What’s up with The Denver Post? At least in the Sunday edition of the paper that appeared on Saturday — I haven’t yet seen the paper as printed for Sunday — the paper published another front page editorial. (It also published a front page editorial in favor of Referendum C.) I don’t mean an editorial masquerading as a news story; I mean an editorial labeled as such, on the front page. A disclaimer appeared at the bottom: “The Denver Post’s editorial board operates independently of the paper’s news coverage.” But who approved a front-page editorial? Wasn’t it the same guy who manages the “paper’s news coverage?” So the front page editorial is odd, but, hey, it’s The Denver Post.

After calling Governor Bill Ritter “Jimmy Hoffa” for giving unions of state employees more power, the Post laments that Ritter’s move might alienate “business”. (Not particular businesses, just “business.”) The Post fears:

Without business in his corner, we fear Ritter won’t be able to effectively shepherd a comprehensive health care solution through the statehouse. And any plans he may have for a new revenue stream for higher education are dangling by a thread, too.

Perhaps more importantly, we’re concerned he’s lost whatever business support he had to reform Colorado’s budget process. … Ritter will be rudderless if he tries to convince voters to approve an extension of Referendum C.

So the Post (or at least its independently operated editorial board) is worried that, if Ritter favors unions too much, he won’t be able to spend more tax dollars and impose new government controls on medicine. Wow. That’s definitely worthy of the front page of The Denver Post. (I do agree that Ritter’s favoritism toward unions was bad.)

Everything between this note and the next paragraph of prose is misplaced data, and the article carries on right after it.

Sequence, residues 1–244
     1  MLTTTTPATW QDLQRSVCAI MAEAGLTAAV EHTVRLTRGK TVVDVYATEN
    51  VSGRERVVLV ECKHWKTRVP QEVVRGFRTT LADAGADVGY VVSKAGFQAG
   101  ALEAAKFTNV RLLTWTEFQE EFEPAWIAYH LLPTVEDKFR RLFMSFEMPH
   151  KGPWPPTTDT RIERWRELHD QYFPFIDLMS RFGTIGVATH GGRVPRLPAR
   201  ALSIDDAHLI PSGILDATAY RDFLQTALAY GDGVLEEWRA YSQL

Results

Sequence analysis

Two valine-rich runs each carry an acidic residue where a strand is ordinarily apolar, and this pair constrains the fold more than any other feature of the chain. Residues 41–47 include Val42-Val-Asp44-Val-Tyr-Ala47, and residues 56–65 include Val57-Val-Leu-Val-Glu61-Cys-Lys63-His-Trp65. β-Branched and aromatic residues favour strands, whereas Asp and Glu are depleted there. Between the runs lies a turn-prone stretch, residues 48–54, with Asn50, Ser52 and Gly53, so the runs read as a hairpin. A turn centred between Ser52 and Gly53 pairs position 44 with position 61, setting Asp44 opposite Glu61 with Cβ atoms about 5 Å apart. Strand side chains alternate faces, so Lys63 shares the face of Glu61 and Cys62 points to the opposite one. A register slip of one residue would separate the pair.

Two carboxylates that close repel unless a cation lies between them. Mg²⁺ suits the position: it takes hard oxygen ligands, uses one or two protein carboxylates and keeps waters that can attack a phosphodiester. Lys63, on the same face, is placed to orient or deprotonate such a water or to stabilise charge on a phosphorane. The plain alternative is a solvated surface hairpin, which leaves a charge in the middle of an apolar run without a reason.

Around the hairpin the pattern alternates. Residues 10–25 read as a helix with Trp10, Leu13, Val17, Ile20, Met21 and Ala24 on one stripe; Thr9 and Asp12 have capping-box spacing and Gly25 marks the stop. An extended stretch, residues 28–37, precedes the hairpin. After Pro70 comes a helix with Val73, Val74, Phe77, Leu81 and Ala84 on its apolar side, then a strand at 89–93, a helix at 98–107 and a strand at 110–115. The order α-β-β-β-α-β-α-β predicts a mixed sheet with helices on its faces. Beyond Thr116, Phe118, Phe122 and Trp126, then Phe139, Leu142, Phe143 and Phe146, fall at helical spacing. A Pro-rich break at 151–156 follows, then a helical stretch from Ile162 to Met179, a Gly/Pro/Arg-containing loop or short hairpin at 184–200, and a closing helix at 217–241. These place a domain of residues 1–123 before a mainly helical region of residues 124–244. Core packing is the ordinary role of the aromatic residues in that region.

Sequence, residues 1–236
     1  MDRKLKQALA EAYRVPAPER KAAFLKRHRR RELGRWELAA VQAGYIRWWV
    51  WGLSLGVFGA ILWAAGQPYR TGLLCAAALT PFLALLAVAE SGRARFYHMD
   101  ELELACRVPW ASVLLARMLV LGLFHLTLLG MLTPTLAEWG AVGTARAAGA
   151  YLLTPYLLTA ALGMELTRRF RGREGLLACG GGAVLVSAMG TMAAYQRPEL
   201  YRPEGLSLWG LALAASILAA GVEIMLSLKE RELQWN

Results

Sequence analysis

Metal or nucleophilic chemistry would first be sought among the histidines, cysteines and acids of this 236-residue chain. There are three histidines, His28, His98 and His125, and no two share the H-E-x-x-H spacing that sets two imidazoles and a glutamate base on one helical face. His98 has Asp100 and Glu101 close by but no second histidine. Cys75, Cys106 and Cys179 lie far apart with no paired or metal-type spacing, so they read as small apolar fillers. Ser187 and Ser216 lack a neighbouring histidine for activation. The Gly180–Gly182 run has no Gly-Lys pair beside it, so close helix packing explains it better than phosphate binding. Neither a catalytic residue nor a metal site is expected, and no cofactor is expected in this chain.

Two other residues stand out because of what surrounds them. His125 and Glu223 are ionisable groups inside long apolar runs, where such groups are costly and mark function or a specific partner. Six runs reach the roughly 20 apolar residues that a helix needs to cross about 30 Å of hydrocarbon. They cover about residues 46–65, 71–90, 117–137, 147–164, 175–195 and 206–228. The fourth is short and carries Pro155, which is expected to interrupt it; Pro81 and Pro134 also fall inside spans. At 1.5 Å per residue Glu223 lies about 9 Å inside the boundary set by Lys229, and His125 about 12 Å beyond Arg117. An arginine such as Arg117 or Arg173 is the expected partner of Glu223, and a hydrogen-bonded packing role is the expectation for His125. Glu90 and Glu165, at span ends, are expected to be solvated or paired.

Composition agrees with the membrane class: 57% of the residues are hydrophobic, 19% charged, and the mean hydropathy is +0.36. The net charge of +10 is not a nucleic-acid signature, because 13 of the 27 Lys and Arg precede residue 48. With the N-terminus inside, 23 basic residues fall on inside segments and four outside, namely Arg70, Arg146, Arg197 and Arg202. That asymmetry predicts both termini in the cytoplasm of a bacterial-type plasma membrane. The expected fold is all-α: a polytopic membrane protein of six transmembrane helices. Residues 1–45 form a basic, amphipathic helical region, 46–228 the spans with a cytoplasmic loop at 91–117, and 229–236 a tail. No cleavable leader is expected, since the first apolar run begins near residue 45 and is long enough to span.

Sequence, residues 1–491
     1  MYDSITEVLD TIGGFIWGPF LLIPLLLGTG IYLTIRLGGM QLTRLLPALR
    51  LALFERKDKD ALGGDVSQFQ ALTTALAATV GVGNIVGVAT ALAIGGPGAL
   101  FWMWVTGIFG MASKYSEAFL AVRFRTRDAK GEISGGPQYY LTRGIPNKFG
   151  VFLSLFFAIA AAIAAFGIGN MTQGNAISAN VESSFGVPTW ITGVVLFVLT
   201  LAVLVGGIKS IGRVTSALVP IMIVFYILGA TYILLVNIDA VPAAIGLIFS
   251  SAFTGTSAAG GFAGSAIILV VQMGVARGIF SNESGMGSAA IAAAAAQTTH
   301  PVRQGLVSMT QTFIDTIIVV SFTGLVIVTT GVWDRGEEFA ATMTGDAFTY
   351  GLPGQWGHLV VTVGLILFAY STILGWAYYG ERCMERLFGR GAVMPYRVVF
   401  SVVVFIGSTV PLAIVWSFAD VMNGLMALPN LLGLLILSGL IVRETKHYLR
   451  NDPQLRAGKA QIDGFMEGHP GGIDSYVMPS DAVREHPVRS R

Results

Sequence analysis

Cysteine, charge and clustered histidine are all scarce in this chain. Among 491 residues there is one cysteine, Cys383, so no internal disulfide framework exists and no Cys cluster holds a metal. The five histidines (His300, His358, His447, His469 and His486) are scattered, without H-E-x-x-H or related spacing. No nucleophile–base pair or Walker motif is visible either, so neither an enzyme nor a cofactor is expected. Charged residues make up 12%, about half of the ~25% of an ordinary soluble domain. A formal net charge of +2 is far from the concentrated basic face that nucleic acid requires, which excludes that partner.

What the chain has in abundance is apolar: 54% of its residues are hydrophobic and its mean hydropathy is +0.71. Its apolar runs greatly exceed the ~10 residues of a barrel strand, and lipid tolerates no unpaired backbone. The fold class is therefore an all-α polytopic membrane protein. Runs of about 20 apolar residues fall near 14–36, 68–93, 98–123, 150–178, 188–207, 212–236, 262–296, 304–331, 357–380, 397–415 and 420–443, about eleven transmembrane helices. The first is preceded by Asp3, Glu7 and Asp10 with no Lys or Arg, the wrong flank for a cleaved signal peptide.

For now, though, I want only to reflect on the Post’s call for “a comprehensive health care solution.” What does that mean? It means that state legislators would spend more of other people’s money in order to expand the political control of medicine. Leading plans call for an expansion of health welfare and for health-insurance mandates. Who will decide how these welfare dollars are spent? Who will decide what the mandated insurance must cover? Some combination of politicians and bureaucrats, no doubt with plenty of input from special interests.

“A comprehensive health care solution” would further erode the ability of patients and doctors to associate voluntarily. It would further replace the judgment of doctors with the whims of politicians and bureaucrats. It would expand the political controls that have created current problems in American medicine.

A recent release from the Ayn Rand Institute makes clear the fundamental importance of restoring liberty in medicine. The release quotes a doctor from Atlas Shrugged:

Do you know what it takes to perform a brain operation? Do you know the kind of skill it demands, and the years of passionate, merciless, excruciating devotion that go to acquire that skill? That was what I would not place at the disposal of men whose sole qualification to rule me was their capacity to spout the fraudulent generalities that got them elected to the privilege of enforcing their wishes at the point of a gun. I would not let them dictate the purpose for which my years of study had been spent, or the conditions of my work, or my choice of patients, or the amount of my reward. I observed that in all the discussions that preceded the enslavement of medicine, men discussed everything — except the desires of the doctors. Men considered only the “welfare” of the patients, with no thought for those who were to provide it. That a doctor should have any right, desire or choice in the matter, was regarded as irrelevant selfishness; his is not to choose, they said, only “to serve.” … I have often wondered at the smugness with which people assert their right to enslave me, to control my work, to force my will, to violate my conscience, to stifle my mind — yet what is it that they expect to depend on, when they lie on an operating table under my hands?